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How Penetration Testers Successfully Hack Customer Networks

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Security penetration testers, or hired ethical hackers, were able to grab administrative control of a targeted organization’s network nearly 70 percent of the time, according to a new report examining 268 client engagements.

Rapid7, whose security analytics and automation cloud supports security operations (SecOps) teams, has issued an updated Under the Hoodie: Lessons From a Season of Penetration Testing report, in which it surveyed pen testers on what they typically see in the field -- “providing visibility into this often occult niche of information security,” as the developer put it.

Here’s some drill down:

  • Software vulnerabilities, network misconfigurations, and network credentials are the weak points the penetration testers pursued. Of note, the new data saw a significant uptick in the rate of software vulnerabilities exploited to gain control over a network.
  • Penetration testers were able to exploit at least one in-production vulnerability in 84% of all 268 engagements. That figure rises to 96% of all internally-based penetration tests.
  • Penetration testers were able to abuse at least one network misconfiguration at an 80% rate. Among internal assessments a misconfiguration was leveraged in the investigator’s favor 96% of the time.
  • At least one credential was captured in 53% of all engagements and 86% of the time when looking purely at internal engagements.
  • User credentials are the next most exploitable point of entry, with at least one credential captured in more than half (53%) of all the tests. Simply guessing passwords yielded the best results to gain access credentials.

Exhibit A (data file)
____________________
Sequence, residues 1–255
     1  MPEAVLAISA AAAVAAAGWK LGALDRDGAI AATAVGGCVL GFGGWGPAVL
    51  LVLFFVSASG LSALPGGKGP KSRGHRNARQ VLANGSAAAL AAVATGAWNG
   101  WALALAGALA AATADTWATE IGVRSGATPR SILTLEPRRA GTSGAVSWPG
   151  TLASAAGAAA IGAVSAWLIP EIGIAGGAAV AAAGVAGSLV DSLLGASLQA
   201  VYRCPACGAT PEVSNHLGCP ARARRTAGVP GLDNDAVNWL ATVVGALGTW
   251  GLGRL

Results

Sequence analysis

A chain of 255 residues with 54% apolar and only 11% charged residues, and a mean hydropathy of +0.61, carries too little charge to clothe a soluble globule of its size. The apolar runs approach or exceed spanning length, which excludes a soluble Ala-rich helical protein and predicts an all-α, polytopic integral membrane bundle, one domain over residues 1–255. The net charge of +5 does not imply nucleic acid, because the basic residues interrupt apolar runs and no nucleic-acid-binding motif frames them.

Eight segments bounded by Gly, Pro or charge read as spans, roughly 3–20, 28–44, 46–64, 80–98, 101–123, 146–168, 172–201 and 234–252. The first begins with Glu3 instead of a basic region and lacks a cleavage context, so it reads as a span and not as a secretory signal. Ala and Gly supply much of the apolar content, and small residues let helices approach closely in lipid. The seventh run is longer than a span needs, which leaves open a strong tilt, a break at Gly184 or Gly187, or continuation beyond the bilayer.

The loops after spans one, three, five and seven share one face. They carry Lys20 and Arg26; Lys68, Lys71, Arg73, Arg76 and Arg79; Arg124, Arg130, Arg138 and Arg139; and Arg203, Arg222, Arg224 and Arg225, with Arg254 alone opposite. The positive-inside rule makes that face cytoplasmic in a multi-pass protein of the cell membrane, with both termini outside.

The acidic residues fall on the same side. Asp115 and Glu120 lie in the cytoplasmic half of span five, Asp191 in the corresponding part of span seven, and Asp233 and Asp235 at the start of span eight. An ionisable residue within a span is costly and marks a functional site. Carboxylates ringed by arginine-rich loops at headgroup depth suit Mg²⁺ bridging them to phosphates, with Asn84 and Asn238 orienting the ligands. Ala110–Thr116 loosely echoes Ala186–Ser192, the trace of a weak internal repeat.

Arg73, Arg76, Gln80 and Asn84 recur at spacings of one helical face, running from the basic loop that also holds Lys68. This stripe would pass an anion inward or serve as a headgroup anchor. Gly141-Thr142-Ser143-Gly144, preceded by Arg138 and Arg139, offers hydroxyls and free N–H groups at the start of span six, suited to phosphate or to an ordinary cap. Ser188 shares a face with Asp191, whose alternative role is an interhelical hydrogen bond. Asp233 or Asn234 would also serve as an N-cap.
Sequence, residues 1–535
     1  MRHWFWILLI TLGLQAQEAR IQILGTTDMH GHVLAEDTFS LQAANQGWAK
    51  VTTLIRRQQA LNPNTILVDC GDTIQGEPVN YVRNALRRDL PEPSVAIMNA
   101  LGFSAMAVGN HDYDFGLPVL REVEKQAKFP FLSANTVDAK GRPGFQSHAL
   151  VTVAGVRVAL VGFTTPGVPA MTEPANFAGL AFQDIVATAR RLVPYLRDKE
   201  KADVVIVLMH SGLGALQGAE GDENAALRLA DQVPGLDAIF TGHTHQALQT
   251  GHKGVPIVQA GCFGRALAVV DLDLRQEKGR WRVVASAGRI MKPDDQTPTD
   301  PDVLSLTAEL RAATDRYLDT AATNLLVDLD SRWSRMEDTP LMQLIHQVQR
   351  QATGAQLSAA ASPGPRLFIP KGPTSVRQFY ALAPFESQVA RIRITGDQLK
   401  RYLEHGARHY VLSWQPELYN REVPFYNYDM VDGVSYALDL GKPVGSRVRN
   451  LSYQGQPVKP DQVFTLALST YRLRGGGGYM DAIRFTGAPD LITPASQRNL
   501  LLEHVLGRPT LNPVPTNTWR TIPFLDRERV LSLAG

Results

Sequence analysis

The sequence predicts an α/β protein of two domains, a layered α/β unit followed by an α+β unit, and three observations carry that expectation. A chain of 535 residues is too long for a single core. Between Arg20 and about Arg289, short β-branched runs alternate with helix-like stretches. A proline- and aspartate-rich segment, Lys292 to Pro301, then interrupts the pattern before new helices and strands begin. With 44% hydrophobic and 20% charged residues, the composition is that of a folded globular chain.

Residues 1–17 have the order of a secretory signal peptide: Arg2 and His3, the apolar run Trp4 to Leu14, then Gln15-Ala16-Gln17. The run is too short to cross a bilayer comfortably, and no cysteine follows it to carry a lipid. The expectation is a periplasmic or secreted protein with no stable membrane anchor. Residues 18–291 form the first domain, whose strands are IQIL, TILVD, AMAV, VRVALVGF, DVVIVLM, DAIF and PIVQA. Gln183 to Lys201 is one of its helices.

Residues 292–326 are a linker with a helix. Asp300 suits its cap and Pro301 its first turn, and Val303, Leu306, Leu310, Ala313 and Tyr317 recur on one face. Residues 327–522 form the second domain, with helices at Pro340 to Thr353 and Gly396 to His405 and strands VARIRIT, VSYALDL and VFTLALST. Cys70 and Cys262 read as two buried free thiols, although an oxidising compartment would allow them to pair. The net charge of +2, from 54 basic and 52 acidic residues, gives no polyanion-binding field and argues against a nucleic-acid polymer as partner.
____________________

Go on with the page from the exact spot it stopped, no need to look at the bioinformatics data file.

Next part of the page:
• Only 16% of the organizations the group tested did not have an exploitable vulnerability, down from 32% of organizations included in last year's report.
  • 62% of all engagements included an external component, or web-based attacks such as email phishing and social engineering. Client organizations tend to be primarily concerned with external threats attacking their enterprise from the the internet. However, the number of internal engagements rose 11% this year, an indication that organizations are taking a more holistic approach to their network security, the report said.
  • Penetration testers, nearly always limited by a relatively short engagement window of two weeks or less, remained undetected on 61% of engagements. If a penetration tester is not detected within a day, it’s unlikely the malicious activity will be detected at all, according to the report.

“Rarely are penetration tests structured in such a way that the pen testers are told to just go wild and see what they can see—organizations nearly always have some outcome in mind,” the study reads. Validating security that protects sensitive internal data, personal identifying information and authentication credentials together accounts for roughly 45 percent of what’s most important to the surveyed organizations, the data showed.

D. Howard Kass

D. Howard Kass is a contributing editor to MSSP Alert. He brings a career in journalism and market research to the role. He has served as CRN News Editor, Dataquest Channel Analyst, and West Coast Senior Contributing Editor at Channelnomics. As the CEO of The Viewpoint Group, he led groundbreaking market research.